The article, Time to Face the Brutal Facts, generally sought to address this very type of occurrence. The fact is that the country has huge economic challenges. The reality is that up to now the discussions from policy makers have not fully elaborated on the depth of the challenges. While the understanding gleaned from publicly available information provides a reasonable appreciation, in my analyses, as a rule of thumb, I always conclude that such pronouncements are never as good as stated, when they are good, and likely much worse, when they are bad. It calls for us to face up to the facts of the issues affecting the country, refusing to tiptoe around the issues and take them on. These issues are not limited to raw economics but matters cutting across all vital segments of the country's economic arrangements, together with social challenges. A downgrade on day one in office! The timing has to be uncomfortable. However, as former Governor of the Central Bank James Smith alluded to in a recent interview, there are some things which the government must now have frank conversations with the public about, it is imperative.

It is time to get down to the essentials of economic recovery in new and bold ways. Business as usual long went out the window with hurricane Dorien, the entrance of Covid-19 in the country, and back-to-back record deficits and debt levels approaching $11B. I think it is obvious that this new PLP administration will have no honeymoon. The issues are simply too large, concentrated and urgent for anything other than the moments of celebration on election night. Beyond honeymoon, it should be accepted that the historical cadence of addressing matters just will not work. The quantum of borrowing required, the possibilities of another high deficit in 2022, proposed but now unlikely reduction in taxes, amongst other things, are all important factors at play here. Plans are quickly meeting the dynamism of a highly disrupted and disruptive reality and careful but bold nimbleness will be the order of the day. We must now also be hopeful that there is no major additional adverse effect from COVID-19 cases due to the election, leading to any further major disruption in national commerce.

Maybe the greatest threat of this development is the often-repeated need to enter into some arrangements with the IMF. It is my view that this should be avoided at all cost but as the downgrade is signaling, this avoidance cannot be achieved on the cheap and therefore the matter of the IMF will linger on the periphery of all discussion and very uncomfortably so. There is a price to be paid for the increase in our national debt. There must be concerns about the future state of our reserves. Far thinking persons must reasonably be considering the efficacy of our tax regime. The new administration will no doubt be mindful of the potential impact this and likely other developments may have on its platform, Blue Print for Change.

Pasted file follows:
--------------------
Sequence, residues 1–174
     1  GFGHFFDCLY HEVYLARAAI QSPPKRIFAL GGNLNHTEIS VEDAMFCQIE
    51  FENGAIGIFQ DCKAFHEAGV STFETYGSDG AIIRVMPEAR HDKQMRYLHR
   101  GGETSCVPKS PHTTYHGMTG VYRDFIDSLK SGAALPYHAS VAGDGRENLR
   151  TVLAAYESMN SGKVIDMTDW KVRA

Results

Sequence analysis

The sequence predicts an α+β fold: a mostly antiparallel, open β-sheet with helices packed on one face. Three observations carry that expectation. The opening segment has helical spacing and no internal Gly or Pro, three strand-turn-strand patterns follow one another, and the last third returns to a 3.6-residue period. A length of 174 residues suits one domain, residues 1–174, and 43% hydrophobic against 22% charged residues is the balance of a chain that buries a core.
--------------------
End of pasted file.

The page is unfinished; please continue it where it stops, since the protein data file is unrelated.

It is time for all to join hands. This will need all effort in one focused direction. Overall, the country should be uneasy about where we stand now. However, this is where the impact of clear, capable and competent leadership will make a difference. The new administration no doubt has significant resources in the form of advisors to call on and will no doubt do so. My only admonishing would be as I did in the recent article, plan for the long haul and be as inclusive as possible. Make decisions that are designed to secure long-term value. Strategize, implement and execute for the long term, as part of the price that must be paid for recovery, accept the obvious near term sacrifice and pain. Engage the totality of the collective intellectual power and brawn that the country has available to it.

It was said that the country needed a small miracle to get out of the challenging circumstances in which it currently is. My response to that statement, in the article mentioned, was that there are no miracles likely to emerge in this current challenging global environment. I also stated then that small miracles have in the past taken our eyes off the areas of focus leading ultimately to the problems not being fixed. In a perverse sort of a way then, this downgrade could be such a small miracle. Not an ideal one but if it creates greater impetus to direct focus from day one on what truly matters then maybe, just maybe in the end we may come out the better for it.


© Hubert Edwards 2021

Hubert Edwards is the Principal of Next Level Solutions Limited (NLS), a management consultancy firm. He can be reached at Hubert specializes in governance, risk and compliance (GRC), Accounting and Finance. NLS provides services in the areas of enterprise risk management, internal audit and policy and procedures development, regulatory consulting, anti-money laundering, accounting and strategic planning.